Hybrid is a slippery term that swirls and eddys between literary genres, often a seining catch-all for those weird little ones who slip through holes and between fraying boundaries. We’re looking for those strange creatures, specifically those amalgams that smash word and image together to fashion something altogether new. If you reimagined your writing by re-imaging it, what would you create? That’s what we’re looking for. Give us that piece.
Send us your text-based hybrid work—fiction, CNF, or poetry—that opens up or crashes against image. An erasure poem of your pre-teen journal. A magazine collage set against flash fiction. Your visual poetry, or your micro-fiction envisioned inside art, or a flow chart of how your heart has broken. A flash CNF shaped inside the geometry your words demand, again and again and again. Think chimeras, cross-species, the Creature from the Black Lagoon. As always, we want your weird.
Signposts to guide you:
- “Beside” by Diana Khoi Nguyen, Kweli Journal
- “My Friends” by Sarah Minor, Complete Sentence Lit
- “A Folio of Graphic Poems” by Naoko Fujimoto, Tupelo Quarterly
An important note on erasure work: We suggest reading E. Kristin Anderson’s “Manifesto on Found Poetry” as an ethical standard for working within the form.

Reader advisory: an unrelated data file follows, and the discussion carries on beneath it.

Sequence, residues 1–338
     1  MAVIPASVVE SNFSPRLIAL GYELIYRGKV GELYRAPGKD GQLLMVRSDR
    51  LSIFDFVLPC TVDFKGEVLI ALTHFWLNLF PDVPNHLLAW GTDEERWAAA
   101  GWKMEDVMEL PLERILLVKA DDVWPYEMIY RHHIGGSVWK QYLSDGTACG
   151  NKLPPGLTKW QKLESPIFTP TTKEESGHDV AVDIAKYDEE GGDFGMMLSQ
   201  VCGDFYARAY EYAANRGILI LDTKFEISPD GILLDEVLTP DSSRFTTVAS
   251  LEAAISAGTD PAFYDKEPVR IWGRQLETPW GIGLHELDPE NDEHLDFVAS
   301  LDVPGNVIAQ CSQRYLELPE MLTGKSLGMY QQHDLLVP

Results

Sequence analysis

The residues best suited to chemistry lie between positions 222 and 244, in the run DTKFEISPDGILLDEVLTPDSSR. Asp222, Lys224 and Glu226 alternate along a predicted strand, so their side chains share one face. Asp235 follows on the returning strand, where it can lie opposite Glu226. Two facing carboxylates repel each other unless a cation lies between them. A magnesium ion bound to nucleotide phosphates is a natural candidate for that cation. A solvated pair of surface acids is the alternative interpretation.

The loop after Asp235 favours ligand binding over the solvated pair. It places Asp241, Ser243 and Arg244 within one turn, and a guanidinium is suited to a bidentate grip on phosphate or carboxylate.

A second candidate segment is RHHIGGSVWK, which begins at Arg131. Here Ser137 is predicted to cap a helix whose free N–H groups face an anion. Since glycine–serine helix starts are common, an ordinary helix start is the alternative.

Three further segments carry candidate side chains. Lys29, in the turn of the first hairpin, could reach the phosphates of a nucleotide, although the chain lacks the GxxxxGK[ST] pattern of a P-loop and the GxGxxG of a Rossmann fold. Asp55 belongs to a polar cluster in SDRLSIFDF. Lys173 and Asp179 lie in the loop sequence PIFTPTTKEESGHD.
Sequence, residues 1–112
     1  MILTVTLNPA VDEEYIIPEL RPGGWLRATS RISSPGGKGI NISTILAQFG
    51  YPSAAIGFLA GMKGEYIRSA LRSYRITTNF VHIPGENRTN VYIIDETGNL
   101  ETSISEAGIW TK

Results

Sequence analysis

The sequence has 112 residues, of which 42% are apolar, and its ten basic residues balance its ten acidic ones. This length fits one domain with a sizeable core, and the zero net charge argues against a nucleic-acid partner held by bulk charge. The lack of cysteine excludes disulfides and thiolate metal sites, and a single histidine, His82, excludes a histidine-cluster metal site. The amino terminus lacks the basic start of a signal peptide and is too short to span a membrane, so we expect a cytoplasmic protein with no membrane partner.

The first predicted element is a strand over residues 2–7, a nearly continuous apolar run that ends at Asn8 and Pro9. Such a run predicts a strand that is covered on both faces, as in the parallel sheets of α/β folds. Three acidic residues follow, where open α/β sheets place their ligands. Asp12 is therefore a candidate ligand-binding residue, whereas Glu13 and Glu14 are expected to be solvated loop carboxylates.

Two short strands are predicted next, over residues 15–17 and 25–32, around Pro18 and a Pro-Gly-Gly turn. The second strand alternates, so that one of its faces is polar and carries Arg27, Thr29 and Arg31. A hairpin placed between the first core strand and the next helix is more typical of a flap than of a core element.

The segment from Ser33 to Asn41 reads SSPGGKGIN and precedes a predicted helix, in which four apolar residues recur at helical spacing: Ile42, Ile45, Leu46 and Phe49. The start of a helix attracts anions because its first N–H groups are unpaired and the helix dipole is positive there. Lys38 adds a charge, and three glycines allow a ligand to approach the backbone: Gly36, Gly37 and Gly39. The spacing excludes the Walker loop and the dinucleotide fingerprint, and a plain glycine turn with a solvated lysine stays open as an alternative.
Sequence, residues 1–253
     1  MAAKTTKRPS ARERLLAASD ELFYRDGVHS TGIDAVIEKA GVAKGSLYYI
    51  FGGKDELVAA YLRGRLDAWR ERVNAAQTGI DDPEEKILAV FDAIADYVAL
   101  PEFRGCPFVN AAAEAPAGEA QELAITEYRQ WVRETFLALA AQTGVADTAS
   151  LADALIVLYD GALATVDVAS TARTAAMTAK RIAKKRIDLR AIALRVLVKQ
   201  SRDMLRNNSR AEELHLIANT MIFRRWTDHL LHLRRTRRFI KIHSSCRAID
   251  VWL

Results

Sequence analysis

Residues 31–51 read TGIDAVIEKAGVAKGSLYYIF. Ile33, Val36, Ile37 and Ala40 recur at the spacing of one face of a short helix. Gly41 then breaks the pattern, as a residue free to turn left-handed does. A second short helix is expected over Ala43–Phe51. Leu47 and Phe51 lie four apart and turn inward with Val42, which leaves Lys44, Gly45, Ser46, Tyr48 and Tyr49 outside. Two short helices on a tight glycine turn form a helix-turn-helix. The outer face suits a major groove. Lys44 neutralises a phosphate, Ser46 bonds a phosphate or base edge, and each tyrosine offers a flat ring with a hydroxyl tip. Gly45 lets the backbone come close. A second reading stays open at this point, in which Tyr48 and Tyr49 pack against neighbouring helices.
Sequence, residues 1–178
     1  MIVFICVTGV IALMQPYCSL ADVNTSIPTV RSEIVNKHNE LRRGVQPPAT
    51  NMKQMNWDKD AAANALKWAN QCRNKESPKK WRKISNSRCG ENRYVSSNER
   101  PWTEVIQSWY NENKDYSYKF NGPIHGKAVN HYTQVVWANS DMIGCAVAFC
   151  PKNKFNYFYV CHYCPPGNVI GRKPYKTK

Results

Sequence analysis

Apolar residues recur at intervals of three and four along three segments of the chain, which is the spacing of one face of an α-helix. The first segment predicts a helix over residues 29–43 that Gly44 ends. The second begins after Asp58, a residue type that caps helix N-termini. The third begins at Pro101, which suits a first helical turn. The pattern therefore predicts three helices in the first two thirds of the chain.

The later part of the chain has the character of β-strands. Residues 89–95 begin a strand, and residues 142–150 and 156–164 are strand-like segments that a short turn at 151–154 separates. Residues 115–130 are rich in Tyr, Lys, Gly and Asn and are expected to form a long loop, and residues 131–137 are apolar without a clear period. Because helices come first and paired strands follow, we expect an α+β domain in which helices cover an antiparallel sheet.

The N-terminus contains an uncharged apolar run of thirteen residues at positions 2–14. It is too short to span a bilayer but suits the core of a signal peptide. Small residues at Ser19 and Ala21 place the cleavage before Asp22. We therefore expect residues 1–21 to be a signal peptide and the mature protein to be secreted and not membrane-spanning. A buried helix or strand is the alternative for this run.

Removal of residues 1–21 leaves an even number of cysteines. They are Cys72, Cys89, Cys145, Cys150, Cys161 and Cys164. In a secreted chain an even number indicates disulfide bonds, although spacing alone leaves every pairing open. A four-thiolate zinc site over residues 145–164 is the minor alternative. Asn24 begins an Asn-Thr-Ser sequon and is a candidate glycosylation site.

At this time, we are not accepting short-form narrative comics as part of the hybrid genre. If you are working in this form, we suggest submitting here: The Nib, Anomaly, The Arkansas International, Cosmonauts Avenue, Gigantic Sequins, Heavy Feather Review, Fairy Tale Review, Hobart, No Tokens, Booth, et. al.
Meet the Editor: Erin Vachon
Erin Vachon holds an M.A. in English Literature from the University of Rhode Island. Their work has appeared/is forthcoming in SmokeLong Quarterly, DIAGRAM, Hayden’s Ferry Review, The Pinch, Brevity, and elsewhere. They’re Asst. CNF Ed. at JMWW and workshopped their hybrid-novel at Tin House in 2021. They write in southern New England, and consider it both a blessing and a curse that they live in the area with the highest doughnut shops per capita. You can find their writing at erinvachon.com or on Twitter @erinjvachon.